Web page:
At a Loose End
I would say the three main things to do in Bangkok are visiting temples, ambling around a market, or eating/drinking. But when you live here the novelty of those activities begins to wear off. You crave a pastime with more meaning, more purpose. You actually need to head no further than the Royal Bangkok Sports Club (RBSC)for the horse racing. It’s conveniently located right in the center of Bangkok.
On two Sundays per month (but sometimes Saturday instead) the horse racing is held at the RBSC. It normally begins at around 12:00 and then I think the last race is at around 17:30. But it’s a pretty casual affair so you can wander in whenever you feel like it. And nobody will bat an eyelid if you’ve had enough and want to leave before the end. There are normally ten races, generally of around the same distance, so it gets quite repetitive.
Prawn Sandwich Brigade
We’ve been to the horse racing in Bangkok on two occasions. On our first visit, we were with an RBSC member so we got to go in the members’ section. We had to pay 500 THB but it meant we got to go inside to the bar. On the second occasion, we opted for the cheapest of cheap general admission tickets at only 50 THB. There were no seats, just terraces. There was no bar but people were selling bottles of Chang out of coolers, as well as random street food. Also, not a Western toilet in sight, we were squatting all the way.
But the main premise is to watch and bet on the horse racing, and that is the same no matter where you are sitting, standing or squatting!
Odds On Favourite
The first time we went to the races, we had both just learned Thai numbers which came in handy when trying to place bets. The odds are displayed as whole numbers, which I didn’t really understand at first. What it’s actually showing is what you’d get back for every 10 THB you bet. It actually makes quite a bit of sense.
Before the start of each race, the place seems to go completely silent as an announcer calls out something in Thai. I think they are announcing which jockey is going to ride each horse. Apparently, this is something that can be decided at the very last minute.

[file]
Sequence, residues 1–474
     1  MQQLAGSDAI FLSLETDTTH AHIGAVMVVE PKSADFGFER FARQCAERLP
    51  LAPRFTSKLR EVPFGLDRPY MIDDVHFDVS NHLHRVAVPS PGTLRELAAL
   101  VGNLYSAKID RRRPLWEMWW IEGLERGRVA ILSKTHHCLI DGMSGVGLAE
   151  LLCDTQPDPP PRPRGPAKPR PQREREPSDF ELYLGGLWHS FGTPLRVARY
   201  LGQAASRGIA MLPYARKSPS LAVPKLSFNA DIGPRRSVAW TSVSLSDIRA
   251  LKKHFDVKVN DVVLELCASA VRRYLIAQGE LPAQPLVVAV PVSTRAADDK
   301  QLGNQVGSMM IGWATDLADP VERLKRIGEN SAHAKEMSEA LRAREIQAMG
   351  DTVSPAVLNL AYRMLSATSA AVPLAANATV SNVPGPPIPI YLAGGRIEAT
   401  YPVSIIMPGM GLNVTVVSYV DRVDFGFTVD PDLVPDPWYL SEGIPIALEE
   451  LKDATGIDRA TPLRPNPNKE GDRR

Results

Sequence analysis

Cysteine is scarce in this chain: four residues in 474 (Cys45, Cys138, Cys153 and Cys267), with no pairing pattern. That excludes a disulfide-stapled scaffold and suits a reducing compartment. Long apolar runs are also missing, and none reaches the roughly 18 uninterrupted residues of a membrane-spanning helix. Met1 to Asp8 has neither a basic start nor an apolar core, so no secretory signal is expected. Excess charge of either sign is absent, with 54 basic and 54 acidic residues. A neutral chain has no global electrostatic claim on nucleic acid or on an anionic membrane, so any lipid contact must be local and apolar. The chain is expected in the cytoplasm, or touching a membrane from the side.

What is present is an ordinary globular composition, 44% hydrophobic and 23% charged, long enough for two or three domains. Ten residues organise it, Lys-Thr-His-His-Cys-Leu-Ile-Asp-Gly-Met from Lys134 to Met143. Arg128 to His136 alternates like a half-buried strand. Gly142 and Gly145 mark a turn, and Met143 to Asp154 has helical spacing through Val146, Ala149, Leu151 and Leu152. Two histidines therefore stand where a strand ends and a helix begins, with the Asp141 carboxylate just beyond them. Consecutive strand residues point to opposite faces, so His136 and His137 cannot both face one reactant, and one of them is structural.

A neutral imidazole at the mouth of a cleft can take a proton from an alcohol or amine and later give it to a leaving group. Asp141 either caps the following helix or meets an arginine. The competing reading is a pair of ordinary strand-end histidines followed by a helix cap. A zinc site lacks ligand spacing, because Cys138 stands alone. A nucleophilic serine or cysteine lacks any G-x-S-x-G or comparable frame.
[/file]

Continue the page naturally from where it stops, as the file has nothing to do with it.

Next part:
You go to a window to place a bet. It’s the same as in the UK and you can bet to win, place or various combinations that have specific names. I think you can find details in the race card program. Fortunately, there’s an English version of the race card available, although I seem to remember having to buy this outside the ground. It’s only 100 THB though and you won’t have a clue without it.
There were a few Farangs in the members’ bit but this is a predominately Thai affair. Correction, it’s a predominately Thai male affair. It doesn’t seem that popular with the ladies. That being said, it is a friendly atmosphere. And even floundering Farangs are accepted. You may even find yourself celebrating a winner with a complete stranger.
As legal gambling options are limited in Thailand, the crowd really get into every race. It’s normal to chant the name of your horse during each race. This really adds to the camaraderie of the whole event.
Dress to Impress
There is allegedly a dress code but I saw very little evidence of anyone following it in any section. I would suggest that anything particularly skimpy may be frowned upon but otherwise wear what you want. And it is pretty warm in that grandstand, particularly if you did opt to walk from the BTS. There’s no breeze so cooling down is a challenge. I recommend wearing clothes that you don’t mind sweating in.
It’s a Winner
I don’t think the standard is quite the same as in the UK. I’m not sure if these horses are true thoroughbreds – they seem to come in varying sizes! But it is entertaining, inexpensive and something you can do with very little advanced planning. It’s definitely worth trying if you’re at a loose end.